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Smoked Hocks and Shanks

post #1 of 9
Thread Starter 
It's the season for split pea soup - YUMMO! :lol:

Yesterday I bought some smoked ham shanks for the soup and noticed that, compared to some supermarket hocks and shanks purchased in the past, these had a more delicate smokey aroma and flavor, and were lighter in color (less caramel-looking) than what I'd purchased in the past.

I was wondering if commercially smoked hocks, shanks, and other meats, may not really be smoked at all, but just infused with smoke flavor. The new butcher assured me - and I've no reason to doubt him - that the shanks he has are "truly" smoked.

Comments?

BTW, what part of the pig is the hock? In the past I bought hocks and this time I got a shank. Could that account for the differnce in color and smokey intensity?

shel
post #2 of 9
Most commercial wet cured shanks and hams are never smoked at all, but get their smokiness from the brining process where a liquid smoke type flavor is added. True for bacon too. If they were truly smoked it should say on the packaging about "Hardwood Smoked" or something similar. But even a true smoked commercial product is often done at an accelerated pace, under pressure for example to work the smoke flavor in quickly.

It sounds like you're more interested in an artisan type ham.

A dry smoked ham should have a dry and sort of tough exterior, not wet and soft.

Wet cure isn't automatically bad in my opinion. One of the best hams I've ever eaten was a wet cure that was never smoked at all. It was done by a small local butchering house that works mostly with local farmers for their own use. Some great bacon too, but not in a smoke house. On the other hand, we used another small butcher in the same area for the next pig and this one was only average in flavor and texture, like most grocery stores carry. So who and how they do the wet cure makes a difference.
Palace of the Brine -- "I hear the droning in the shrine of the sea monkeys." Saltair
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Palace of the Brine -- "I hear the droning in the shrine of the sea monkeys." Saltair
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post #3 of 9
The Hock is more toward the foot/shin area. The Ham is the big fat thigh and the Shank is what is trimmed off of most hams as they narrow down to the lower leg. The Hock is below that. The Shank is a bit meatier but I would consider them a good substitute for each other.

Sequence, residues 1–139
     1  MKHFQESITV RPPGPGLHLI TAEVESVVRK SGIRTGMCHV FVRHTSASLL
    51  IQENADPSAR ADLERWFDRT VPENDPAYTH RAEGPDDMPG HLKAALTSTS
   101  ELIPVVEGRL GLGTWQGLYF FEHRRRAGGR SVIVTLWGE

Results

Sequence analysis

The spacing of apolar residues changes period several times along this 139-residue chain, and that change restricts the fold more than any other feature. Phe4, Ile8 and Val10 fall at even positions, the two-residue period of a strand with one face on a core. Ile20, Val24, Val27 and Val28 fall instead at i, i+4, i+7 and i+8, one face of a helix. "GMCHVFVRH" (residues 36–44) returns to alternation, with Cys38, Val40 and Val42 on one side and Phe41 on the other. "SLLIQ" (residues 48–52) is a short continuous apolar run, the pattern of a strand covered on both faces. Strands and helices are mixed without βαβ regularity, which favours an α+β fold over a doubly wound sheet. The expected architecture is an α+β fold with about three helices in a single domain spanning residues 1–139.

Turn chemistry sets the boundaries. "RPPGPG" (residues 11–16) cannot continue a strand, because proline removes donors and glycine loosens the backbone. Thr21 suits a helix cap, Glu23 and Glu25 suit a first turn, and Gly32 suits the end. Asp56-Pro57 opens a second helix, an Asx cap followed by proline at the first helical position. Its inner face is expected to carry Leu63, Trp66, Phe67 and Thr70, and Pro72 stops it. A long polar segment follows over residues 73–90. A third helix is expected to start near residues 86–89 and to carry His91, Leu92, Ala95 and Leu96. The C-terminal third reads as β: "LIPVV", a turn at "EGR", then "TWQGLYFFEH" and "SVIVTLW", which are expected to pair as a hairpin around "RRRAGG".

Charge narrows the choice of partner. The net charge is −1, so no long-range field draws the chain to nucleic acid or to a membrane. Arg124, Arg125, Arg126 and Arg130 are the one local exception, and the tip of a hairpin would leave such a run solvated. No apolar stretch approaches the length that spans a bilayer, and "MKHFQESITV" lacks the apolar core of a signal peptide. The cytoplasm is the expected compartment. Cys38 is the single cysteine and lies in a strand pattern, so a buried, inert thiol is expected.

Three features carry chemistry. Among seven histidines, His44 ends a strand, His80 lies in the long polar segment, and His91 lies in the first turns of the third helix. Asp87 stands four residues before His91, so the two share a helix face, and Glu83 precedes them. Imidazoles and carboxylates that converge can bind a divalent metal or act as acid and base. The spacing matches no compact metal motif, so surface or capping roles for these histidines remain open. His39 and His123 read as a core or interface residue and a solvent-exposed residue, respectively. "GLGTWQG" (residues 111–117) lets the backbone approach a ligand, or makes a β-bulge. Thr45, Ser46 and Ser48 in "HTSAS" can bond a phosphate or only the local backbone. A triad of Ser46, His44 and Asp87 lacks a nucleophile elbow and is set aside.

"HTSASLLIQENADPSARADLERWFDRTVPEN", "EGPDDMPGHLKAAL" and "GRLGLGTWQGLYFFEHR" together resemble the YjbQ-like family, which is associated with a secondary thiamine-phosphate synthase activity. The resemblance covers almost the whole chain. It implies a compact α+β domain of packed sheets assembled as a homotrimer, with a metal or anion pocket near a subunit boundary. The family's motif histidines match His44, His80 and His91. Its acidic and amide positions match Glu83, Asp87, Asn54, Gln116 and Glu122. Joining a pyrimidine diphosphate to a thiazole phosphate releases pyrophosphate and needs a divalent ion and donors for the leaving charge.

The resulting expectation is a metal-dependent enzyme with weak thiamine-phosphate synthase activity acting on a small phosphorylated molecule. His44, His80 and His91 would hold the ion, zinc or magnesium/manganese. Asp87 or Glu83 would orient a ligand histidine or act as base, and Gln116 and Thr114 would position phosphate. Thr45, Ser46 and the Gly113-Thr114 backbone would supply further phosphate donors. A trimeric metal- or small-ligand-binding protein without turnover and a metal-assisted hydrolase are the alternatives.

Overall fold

Palace of the Brine -- "I hear the droning in the shrine of the sea monkeys." Saltair
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Palace of the Brine -- "I hear the droning in the shrine of the sea monkeys." Saltair
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post #4 of 9
Thread Starter 
Thanks, Phil .... kinda what I thought about the smoking.

shel
post #5 of 9
Honeybaked Ham sells hambones, at least they do down here. Fantastic for bean dishes.

Thanks for reminding me. Think I'll go pick one up.
The genesis of all the world's great cuisines can be summed up in a four word English phrase: Don't throw that away.
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The genesis of all the world's great cuisines can be summed up in a four word English phrase: Don't throw that away.
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post #6 of 9
FWIW: Anybody who, because of preference or dietary restriction, cannot eat pork products can substitute a smoked turkey leg in virtually any such recipe.
They have taken the oath of the brother in blood, in leavened bread and salt. Rudyard Kipling
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They have taken the oath of the brother in blood, in leavened bread and salt. Rudyard Kipling
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post #7 of 9
Thread Starter 
This is certainly true, and good advice. I may do just that with the next batch of soup if I can find a smoked turkey leg or drum stick.

shel
post #8 of 9

Hello There and Happy New Year to all!

I have pork shanks.  I want to use them as one would use a ham hock.

I do have a smoker.

Do I just smoke it or do I have to brine it than smoke it?

If so, it would be very helpful if one could share there recipe on  a bine if need be

I want to use it in bean /  pea ect. soup.

Thank you so very much for reading this.

post #9 of 9

I prefer smoked neck bones for some things like greens.  I find hocks have more collagen and I prefer them for soup.  Yes to smoked turkey wings they have a lot of surface area and lots of flavor.

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